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OV-102 (Columbia)
April 12-14, 1981

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Space Shuttle Columbia is a winner!

Rockwell News - April 1981
America is again leading the world into space, thanks to the Space Shuttle.

The Rockwell International-built Shuttle spacecraft Columbia has earned its wings with a textbook-perfect first mission covering 36 orbits of the Earth in 54 hours, 20 minutes and 52 seconds.

The Sunday, April 12 lift-off was "right on the money," and the three Rocketdyne Shuttle main engines roared to 100 percent of rated power at the T-0 mark, at 7:00 a.m. EST.

Two seconds later, the Solid Rocket Boosters (SRB), each with 2.6 million pounds of thrust, ignited and the Shuttle was on its way.

Immediately after clearing the tower, the Columbia's onboard computers issued the command for a 120 degree positive roll which put the astronaut crew of Commander John Young and Pilot Bob Crippen on their backs heading southeast.

This maneuver provided added lift-over drag during ascent and also gave the crew a visual horizon.

"This is one fantastic ride," veteran astronaut John W. Young said as he piloted the winged spaceship up through blue Florida skies into the blackness of space. "Flying this thing is just outstanding."

The separation of the SRBs after two minutes of boost and main engine cutoff and separation of the External Tank went according to the flight plan.

Once into a near-circular Earth orbit, the crew opened the payload bay doors to permit use of radiator panels to dissipate on-board heat.

A television camera filming the opening of the doors noted a few missing low temperature tiles on the Orbital Maneuvering System (OMS) pods.

These pods, located on each side of Columbia's aft section, housed the 600-pound-thrust OMS engines and the smaller Reaction Control engines.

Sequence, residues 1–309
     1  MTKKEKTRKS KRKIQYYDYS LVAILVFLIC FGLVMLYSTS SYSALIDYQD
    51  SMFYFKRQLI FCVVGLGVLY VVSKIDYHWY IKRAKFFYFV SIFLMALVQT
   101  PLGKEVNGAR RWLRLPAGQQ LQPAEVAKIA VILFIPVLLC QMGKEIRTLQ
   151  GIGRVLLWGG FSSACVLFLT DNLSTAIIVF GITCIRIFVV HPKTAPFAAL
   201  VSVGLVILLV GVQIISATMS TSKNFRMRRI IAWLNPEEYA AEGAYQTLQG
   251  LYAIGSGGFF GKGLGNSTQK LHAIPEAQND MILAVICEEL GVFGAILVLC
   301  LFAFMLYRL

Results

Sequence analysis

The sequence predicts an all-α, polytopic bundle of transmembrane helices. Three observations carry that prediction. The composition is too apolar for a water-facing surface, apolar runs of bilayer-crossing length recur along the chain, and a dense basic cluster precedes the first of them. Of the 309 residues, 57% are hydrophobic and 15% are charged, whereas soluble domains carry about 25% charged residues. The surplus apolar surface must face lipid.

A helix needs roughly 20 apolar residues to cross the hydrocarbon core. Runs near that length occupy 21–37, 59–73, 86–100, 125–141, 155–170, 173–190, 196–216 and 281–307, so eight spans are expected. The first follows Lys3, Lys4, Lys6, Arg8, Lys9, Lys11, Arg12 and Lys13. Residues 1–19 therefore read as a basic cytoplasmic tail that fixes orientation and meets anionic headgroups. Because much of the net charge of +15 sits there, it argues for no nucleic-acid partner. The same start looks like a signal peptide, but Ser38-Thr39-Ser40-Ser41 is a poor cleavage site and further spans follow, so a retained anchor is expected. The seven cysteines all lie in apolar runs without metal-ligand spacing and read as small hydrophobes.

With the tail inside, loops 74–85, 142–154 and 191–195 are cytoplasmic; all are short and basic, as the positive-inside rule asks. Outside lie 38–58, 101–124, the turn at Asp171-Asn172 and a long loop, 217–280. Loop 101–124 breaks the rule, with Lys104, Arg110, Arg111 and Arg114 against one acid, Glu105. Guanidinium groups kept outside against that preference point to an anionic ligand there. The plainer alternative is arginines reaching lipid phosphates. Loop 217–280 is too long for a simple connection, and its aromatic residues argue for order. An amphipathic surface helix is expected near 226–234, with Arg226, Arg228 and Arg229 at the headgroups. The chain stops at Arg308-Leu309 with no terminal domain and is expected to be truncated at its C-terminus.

Mission Control in Houston, Texas later told the crew that the missing tiles were not a problem.

For the first flight, the crew was extremely busy checking out the working of all the spacecraft systems and subsystems.

In addition, they gave several television reports from space and showed viewers what it was like to travel in a weightless condition.

"This vehicle is performing like a champ," radioed commander John W. Young, a moonwalk veteran who was on his fifth voyage in space.

Echoed Crippen: "We've got something here that's really going to mean something to this country and to the whole world."

Most spectacular was the approach to and landing on a dry lakebed at Edwards Air Force Base in California.

An airborne camera picked up Columbia following its fiery reentry into the Earth's atmosphere and resultant communications black-out.

The spacecraft was just a speck over the Pacific Ocean at approximately 135,000 feet, traveling near Mach 10.

As Columbia came flashing down the predesigned corridor over the California central valley, more television cameras picked it up along with its four T-38 chase planes.

Entering the Edwards area just under Mach 2 at about 70,000 feet, Columbia swung across the lakebed into half of a figure-eight loop turn down into its approach.

The landing on Tuesday, April 14 at 1:21 p.m. EST was perfect.

After touchdown, the spaceship rolled just under 9,000 feet to a stop.

Immediately, the landing team hooked up cooling devices, and safety personnel began checking for hazardous gases.

John Young was the first astronaut to emerge from the crew compartment almost one hour after landing.

He looked under the huge craft to note that no high-temperature tiles were missing.

Crippen followed, and both were then taken to NASA's Dryden Flight Research Center, where they were greeted by thunderous applause from VIPs, government officials and members of the press.

NASA Launch Operations Director George F. Page, brimming with pleasure at a press conference, said: "I'm thrilled with what happened. What more can I say? We're proud today and it's a proud day for America."

Just before lift-off, Page had read the astronauts a message from President Reagan which said: Columbia is back at the Kennedy Space Center in Florida for post-flight evaluation of systems and is also already undergoing processing for its second flight scheduled this fall.

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